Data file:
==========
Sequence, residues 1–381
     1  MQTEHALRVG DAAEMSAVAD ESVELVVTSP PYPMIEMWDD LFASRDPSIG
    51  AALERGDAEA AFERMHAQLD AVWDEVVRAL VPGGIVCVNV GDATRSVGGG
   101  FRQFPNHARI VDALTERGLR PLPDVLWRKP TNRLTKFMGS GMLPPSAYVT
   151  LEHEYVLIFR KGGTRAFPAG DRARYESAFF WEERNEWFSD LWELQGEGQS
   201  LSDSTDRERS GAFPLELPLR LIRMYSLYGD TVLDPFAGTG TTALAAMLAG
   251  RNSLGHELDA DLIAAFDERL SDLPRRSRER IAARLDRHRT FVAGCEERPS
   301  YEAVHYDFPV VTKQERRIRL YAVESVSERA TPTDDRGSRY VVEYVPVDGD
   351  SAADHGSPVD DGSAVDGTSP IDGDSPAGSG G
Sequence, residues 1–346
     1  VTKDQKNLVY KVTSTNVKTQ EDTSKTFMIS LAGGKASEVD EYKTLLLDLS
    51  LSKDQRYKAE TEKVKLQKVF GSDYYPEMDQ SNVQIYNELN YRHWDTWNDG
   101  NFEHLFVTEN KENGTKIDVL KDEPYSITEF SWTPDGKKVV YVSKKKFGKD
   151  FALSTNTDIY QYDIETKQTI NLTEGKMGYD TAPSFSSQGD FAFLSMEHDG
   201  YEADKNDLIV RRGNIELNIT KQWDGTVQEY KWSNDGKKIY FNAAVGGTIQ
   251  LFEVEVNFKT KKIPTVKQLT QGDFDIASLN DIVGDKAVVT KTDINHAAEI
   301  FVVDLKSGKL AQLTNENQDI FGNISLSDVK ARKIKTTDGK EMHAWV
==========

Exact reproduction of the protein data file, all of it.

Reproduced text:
Sequence, residues 1–381
     1  MQTEHALRVG DAAEMSAVAD ESVELVVTSP PYPMIEMWDD LFASRDPSIG
    51  AALERGDAEA AFERMHAQLD AVWDEVVRAL VPGGIVCVNV GDATRSVGGG
   101  FRQFPNHARI VDALTERGLR PLPDVLWRKP TNRLTKFMGS GMLPPSAYVT
   151  LEHEYVLIFR KGGTRAFPAG DRARYESAFF WEERNEWFSD LWELQGEGQS
   201  LSDSTDRERS GAFPLELPLR LIRMYSLYGD TVLDPFAGTG TTALAAMLAG
   251  RNSLGHELDA DLIAAFDERL SDLPRRSRER IAARLDRHRT FVAGCEERPS
   301  YEAVHYDFPV VTKQERRIRL YAVESVSERA TPTDDRGSRY VVEYVPVDGD
   351  SAADHGSPVD DGSAVDGTSP IDGDSPAGSG G
Sequence, residues 1–346
     1  VTKDQKNLVY KVTSTNVKTQ EDTSKTFMIS LAGGKASEVD EYKTLLLDLS
    51  LSKDQRYKAE TEKVKLQKVF GSDYYPEMDQ SNVQIYNELN YRHWDTWNDG
   101  NFEHLFVTEN KENGTKIDVL KDEPYSITEF SWTPDGKKVV YVSKKKFGKD
   151  FALSTNTDIY QYDIETKQTI NLTEGKMGYD TAPSFSSQGD FAFLSMEHDG
   201  YEADKNDLIV RRGNIELNIT KQWDGTVQEY KWSNDGKKIY FNAAVGGTIQ
   251  LFEVEVNFKT KKIPTVKQLT QGDFDIASLN DIVGDKAVVT KTDINHAAEI
   301  FVVDLKSGKL AQLTNENQDI FGNISLSDVK ARKIKTTDGK EMHAWV